24 October 2010

A computing banquet

Delayed post from Thursday....
So another day, another 100 talks, followed by another 100 food courses.

Just to provoke a suitable tirade from Sam, I will describe that morning's SSD plenary as an "informative and thorough summary on the unquestionable advantages of SSDs" (not really). More interesting was a talk from David South on long term data preservation for experiments. A very worthwhile idea I think, and I hope it can be supported.
In parallel talks, there was an update on Hammercloud developments - now available for LHCb, CMS as well ATLAS and apparanty in the future other VOs will be able to "plugin". Also coming in the future are more advanced/configurable statistics.
Andreas Peters outlined the cern "disk pool project" EOS, and, as mentioned by Sam, the obvious questions followed from Brian B and others, "why yet another filsystem/ storage manager? Are dCache. HDFS etc.etc. etc not worth adapting..." But to look at the positive side (as they are certainly going to carry on with this anyway) if something good develops then it maybe something worth T1s or T2s trying out.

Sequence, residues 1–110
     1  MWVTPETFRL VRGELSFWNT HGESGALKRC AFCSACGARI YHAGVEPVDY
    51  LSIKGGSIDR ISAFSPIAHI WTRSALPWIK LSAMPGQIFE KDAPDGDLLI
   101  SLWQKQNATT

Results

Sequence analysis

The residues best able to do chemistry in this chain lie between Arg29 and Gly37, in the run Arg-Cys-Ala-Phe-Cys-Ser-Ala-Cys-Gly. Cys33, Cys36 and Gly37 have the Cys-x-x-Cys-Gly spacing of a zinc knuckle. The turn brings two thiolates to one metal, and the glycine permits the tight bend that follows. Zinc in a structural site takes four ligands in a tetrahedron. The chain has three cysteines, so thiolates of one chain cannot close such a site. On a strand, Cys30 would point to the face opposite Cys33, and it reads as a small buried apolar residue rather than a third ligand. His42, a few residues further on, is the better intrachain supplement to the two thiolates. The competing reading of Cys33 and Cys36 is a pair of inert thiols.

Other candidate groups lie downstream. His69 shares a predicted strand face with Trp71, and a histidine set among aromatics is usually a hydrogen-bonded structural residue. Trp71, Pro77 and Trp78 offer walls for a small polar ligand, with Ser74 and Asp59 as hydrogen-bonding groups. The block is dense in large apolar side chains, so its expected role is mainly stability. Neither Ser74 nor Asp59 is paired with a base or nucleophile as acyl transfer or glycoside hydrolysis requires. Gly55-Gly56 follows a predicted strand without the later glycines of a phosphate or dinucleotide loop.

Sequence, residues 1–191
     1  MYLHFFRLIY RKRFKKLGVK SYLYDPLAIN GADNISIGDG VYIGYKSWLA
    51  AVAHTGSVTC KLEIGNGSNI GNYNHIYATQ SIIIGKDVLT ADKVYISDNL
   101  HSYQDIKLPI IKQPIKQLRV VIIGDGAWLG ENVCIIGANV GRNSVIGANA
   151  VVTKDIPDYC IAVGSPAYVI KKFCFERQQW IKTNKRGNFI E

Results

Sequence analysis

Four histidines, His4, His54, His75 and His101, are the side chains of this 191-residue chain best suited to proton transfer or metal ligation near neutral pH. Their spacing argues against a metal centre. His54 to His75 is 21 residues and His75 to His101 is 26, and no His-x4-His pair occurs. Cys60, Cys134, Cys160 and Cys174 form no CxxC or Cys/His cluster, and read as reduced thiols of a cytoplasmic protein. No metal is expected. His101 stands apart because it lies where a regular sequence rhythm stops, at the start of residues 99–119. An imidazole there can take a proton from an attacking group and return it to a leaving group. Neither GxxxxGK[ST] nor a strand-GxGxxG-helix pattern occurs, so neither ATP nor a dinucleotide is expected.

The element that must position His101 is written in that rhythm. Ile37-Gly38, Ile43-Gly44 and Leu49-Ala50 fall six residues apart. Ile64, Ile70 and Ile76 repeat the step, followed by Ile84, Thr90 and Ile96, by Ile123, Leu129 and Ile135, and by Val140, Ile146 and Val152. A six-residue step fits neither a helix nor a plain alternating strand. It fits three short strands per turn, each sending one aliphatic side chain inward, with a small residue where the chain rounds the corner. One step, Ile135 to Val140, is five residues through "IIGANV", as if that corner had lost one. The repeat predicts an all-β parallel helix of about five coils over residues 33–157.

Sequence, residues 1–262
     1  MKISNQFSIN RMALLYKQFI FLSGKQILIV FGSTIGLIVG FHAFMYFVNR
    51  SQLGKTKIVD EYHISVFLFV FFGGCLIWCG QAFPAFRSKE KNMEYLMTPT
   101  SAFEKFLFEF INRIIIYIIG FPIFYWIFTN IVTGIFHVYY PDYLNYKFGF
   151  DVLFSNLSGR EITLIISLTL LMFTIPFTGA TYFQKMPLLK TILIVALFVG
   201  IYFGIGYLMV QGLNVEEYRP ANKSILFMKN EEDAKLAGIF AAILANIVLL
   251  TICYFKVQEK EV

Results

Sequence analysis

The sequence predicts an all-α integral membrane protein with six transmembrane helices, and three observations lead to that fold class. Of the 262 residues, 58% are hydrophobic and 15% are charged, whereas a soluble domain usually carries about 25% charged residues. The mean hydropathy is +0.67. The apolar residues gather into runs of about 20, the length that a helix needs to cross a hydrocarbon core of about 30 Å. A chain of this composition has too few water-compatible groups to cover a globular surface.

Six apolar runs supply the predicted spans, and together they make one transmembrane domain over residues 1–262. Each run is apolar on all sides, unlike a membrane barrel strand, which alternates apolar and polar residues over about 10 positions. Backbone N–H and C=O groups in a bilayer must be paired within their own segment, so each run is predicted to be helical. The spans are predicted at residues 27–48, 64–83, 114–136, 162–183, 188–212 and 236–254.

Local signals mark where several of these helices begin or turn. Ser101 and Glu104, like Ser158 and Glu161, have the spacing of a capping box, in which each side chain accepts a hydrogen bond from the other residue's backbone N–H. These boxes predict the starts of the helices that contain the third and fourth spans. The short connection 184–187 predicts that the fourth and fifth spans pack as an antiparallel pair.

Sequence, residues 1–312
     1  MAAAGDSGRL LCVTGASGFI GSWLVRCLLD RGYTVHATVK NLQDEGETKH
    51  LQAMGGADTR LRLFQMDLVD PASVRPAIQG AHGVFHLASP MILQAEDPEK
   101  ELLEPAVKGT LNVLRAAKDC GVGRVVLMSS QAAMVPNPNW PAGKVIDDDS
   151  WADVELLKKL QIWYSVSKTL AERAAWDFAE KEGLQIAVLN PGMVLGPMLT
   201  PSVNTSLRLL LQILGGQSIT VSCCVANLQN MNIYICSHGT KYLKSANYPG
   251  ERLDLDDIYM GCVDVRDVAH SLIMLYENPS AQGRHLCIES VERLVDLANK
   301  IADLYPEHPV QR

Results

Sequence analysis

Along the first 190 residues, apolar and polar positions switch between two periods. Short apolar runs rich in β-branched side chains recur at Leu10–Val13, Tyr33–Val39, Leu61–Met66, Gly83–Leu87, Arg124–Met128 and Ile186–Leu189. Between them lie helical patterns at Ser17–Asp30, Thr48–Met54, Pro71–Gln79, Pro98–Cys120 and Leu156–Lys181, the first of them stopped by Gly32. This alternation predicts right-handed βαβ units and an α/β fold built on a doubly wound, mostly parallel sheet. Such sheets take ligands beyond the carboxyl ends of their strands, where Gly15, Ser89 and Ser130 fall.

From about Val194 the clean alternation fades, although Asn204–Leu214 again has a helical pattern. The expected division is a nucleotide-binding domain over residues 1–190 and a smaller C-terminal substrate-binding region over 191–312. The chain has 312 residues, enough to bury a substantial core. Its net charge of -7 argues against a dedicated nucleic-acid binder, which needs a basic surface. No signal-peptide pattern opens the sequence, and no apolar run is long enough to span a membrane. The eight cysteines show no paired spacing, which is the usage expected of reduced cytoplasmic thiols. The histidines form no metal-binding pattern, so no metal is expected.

In the same session there was another tool presented that we might use, a flexible benchmark that allows you to trace any application and then "play it back": copying the disk calls.Potentially very useful for testing out new kit - and, though it hasn't yet been packaged for general consumption, we'll defiantely be following up with the developer for a preview.

Friday was the stream leaders summaries, which you don't need since you have had ours ;-).
Overall I've been very impressed both with the organisation of the conference and of the quality of the talks...

And, as my temple visits should have placated the travel gods to guide me home through typhoons, strikes and whatever else is out there; we should be back to provide a more digested summary in next wednesdays storage meeting.

20 October 2010

CHEP: or, how I learned to stop worrying and love the rain.

So, day three of CHEP was a half day, so not so much to report as Wahid did yesterday.

The plenaries were not directly interesting from a storage perspective, but I should ebtion them for other qualities.
First, Kate Keahey told us all why clouds (and public clouds, federated clouds - "sky computing") were awesome. I guess I'm just a cynic, as I still don't see how they're significantly better than Condor pools (plus flocking, plus VM universe). Also, the data flow problem is decidedly unsolved for analysis-class jobs in this context.